Unprecedented. Never before seen. First time in known history. These are phrases that we are hearing on a regular basis to describe our world during the COVID-19 pandemic. We are living in a time of unknowns and constant change. While this can be an unsettling thought, I like to try to focus on the positive, the things we do know, the things we have more control over.
As a pediatrician, my job is to help a family raise a child in a healthy and safe way. We focus on healthy habits and lifestyle choices and prevention of illness and injury through regular doctor’s visits. You might be thinking, “of course!”, but here’s the thing: the pandemic has changed things. We’ve been told to stay home. So, I’m here to tell you that your child’s well checks and vaccines are still important and a good reason to leave the house when you’ve otherwise been told to stay put. Let’s talk about why.
Well child checks are whole person evaluations. We check growth, assess development and do a physical exam. This is the time that we look for that pesky “needle in the haystack.” Since the body is growing and changing all the time in childhood, these frequent well checks are truly necessary and important.
The other important part of regular childhood well checks are vaccines. Vaccines are arguably the most important tool of prevention we have to keep kids healthy. From infancy through school age, your child will be recommended to get vaccines to help their body learn how to fight germs before they can cause illness.
Currently, as we look at ways to treat and prevent COVID-19, the preventative vaccines we already have for other diseases have not been given to kids as recommended. Families have skipped or delayed appointments during stay at home orders worried for their health. This has resulted in scary drops in vaccine administration. Early numbers are showing the vaccine given during March and April 2020 dropped by 20 to 40% depending on the vaccine. Yikes!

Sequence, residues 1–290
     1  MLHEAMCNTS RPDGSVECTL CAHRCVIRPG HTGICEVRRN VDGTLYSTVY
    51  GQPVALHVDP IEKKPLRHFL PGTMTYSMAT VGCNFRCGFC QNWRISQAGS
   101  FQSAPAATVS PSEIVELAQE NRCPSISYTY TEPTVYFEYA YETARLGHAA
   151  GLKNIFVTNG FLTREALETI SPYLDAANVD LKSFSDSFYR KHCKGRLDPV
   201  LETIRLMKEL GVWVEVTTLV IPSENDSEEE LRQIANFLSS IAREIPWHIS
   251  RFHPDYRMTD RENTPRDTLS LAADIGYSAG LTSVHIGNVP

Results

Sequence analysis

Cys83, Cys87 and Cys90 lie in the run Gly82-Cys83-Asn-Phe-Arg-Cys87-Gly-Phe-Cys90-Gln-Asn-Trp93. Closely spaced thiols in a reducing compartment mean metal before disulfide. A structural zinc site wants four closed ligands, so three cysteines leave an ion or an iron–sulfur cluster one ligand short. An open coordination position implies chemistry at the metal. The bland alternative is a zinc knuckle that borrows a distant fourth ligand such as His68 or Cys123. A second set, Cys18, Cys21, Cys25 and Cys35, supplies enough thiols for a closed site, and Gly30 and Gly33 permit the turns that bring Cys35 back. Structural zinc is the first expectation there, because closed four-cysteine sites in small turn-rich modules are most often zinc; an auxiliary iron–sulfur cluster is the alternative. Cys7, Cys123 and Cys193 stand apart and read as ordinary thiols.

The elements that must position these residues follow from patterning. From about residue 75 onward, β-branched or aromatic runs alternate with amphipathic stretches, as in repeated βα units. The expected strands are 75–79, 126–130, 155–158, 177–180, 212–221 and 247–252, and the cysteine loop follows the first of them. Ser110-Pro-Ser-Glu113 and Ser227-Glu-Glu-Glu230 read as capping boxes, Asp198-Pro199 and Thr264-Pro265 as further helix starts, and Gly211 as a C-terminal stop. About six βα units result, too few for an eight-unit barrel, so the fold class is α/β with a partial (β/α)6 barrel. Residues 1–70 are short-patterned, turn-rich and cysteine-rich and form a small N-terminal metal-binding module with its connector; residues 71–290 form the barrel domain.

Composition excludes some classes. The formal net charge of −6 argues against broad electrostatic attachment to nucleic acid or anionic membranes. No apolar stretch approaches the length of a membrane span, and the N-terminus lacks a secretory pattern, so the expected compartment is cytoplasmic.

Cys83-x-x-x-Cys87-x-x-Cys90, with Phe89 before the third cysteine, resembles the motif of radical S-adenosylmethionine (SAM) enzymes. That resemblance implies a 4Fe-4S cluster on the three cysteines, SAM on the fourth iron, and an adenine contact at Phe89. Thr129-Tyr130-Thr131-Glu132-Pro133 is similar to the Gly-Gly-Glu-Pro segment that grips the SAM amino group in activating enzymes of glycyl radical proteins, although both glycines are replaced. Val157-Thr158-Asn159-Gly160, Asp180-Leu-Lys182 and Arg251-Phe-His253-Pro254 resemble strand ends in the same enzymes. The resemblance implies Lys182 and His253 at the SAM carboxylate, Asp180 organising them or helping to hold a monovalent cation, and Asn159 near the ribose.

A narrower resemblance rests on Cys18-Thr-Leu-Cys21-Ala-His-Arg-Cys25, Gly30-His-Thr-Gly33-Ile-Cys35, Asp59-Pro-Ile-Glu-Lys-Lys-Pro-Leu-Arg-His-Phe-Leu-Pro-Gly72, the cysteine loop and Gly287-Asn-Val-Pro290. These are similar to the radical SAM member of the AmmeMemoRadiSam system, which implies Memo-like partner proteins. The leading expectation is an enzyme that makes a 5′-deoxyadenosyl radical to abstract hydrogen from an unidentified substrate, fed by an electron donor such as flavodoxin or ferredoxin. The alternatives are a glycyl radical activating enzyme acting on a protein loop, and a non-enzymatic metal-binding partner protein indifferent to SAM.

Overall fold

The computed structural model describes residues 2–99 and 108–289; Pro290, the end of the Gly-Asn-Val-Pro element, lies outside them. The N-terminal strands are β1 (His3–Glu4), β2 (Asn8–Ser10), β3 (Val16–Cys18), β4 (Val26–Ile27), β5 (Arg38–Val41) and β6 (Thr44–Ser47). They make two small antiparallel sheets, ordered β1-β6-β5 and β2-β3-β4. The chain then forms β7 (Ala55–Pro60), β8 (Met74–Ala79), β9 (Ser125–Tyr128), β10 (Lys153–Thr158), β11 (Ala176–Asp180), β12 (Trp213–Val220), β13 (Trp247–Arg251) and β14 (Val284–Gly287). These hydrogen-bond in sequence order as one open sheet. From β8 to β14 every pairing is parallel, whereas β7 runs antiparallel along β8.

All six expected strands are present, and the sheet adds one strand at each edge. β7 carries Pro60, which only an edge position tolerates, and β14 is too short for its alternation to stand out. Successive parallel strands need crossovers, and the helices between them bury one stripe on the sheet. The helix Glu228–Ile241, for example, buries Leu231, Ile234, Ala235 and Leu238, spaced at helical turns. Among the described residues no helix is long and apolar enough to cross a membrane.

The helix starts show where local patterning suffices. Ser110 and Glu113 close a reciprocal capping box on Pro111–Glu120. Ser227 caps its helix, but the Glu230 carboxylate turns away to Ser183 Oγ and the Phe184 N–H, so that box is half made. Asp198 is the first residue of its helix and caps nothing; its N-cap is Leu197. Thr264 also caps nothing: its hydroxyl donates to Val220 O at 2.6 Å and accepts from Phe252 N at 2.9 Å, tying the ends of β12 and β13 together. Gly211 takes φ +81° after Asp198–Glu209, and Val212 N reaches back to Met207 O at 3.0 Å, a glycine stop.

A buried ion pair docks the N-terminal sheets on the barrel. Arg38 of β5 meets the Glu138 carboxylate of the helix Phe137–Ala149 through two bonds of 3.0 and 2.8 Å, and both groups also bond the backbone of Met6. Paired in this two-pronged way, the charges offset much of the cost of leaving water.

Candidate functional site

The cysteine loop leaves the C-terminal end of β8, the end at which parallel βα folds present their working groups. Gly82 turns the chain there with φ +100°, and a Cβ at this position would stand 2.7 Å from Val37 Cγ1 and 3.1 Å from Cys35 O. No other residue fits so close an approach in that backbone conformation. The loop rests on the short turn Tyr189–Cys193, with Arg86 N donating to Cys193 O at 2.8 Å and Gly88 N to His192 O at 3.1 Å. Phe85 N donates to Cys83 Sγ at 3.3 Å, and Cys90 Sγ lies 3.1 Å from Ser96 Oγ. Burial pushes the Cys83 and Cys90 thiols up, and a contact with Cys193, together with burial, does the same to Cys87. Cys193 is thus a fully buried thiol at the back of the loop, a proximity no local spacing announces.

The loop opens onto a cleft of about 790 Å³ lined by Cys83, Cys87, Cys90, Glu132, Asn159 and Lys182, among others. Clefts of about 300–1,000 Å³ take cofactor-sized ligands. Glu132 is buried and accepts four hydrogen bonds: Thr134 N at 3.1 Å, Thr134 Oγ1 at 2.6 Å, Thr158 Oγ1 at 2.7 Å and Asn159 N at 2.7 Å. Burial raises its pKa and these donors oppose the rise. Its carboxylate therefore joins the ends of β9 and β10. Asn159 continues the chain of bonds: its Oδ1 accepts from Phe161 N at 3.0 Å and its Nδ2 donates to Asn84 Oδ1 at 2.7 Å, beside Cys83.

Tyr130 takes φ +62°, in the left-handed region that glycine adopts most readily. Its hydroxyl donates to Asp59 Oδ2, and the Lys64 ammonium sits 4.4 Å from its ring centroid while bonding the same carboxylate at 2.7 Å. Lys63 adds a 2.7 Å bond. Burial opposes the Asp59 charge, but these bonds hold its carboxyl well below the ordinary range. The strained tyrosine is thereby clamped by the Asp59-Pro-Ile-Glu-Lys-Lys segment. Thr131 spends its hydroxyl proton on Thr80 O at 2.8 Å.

These drops in vaccine administration are dangerous for a few reasons. First, it means that we are leaving our communities vulnerable to more disease. Pertussis, measles, polio and chicken pox (to name a few) only need small drops in immunity of the general population (herd immunity) to start causing outbreaks. Measles, for example, needs 92 to 95% of people immunized to prevent outbreaks. Coming in for a well check and necessary vaccines helps prevent illness in your child, your family and your community.
Another reason to make sure vaccines are up to date is to make sure you stay as healthy as possible since other germs we can’t protect against (like COVID-19!) can strike at any time. We’ve learned that COVID-19 packs the biggest punch for those fighting other medical conditions. Imagine you get sick with one illness and then are exposed to COVID at the same time. The potential mixture of other illness (like influenza) with COVID could be even more dangerous than one of these illnesses alone. We must take this time to protect our bodies and keep them strong in case of exposure to this novel virus that we don’t yet have good control over.
It is important to continue other safety measures to stay healthy. We wear masks to help protect others from coming into contact with our sneezes and coughs. We ask others to wear masks to protect us. We keep our distance (6 feet!) to not come in contact with small particles that may escape a mask. We have stayed home to protect each other. We wash our hands and avoid touching our face to not spread germs. Now, we need to make sure all our vaccines are up to date to prevent outbreaks of additional illnesses we already have protection against!
If you’re worried, call your doctor’s office to discuss your concerns. All Rush Copley Medical Group practices are taking additional measures to keep offices safe and clean and will make sure your office visit is done in the healthiest manner possible.
An ounce of prevention is worth a pound of cure: come in to get vaccines and check-ups to keep your child healthy. Let’s not let vaccine preventable illness outbreaks become part of the landscape in these otherwise unprecedented times.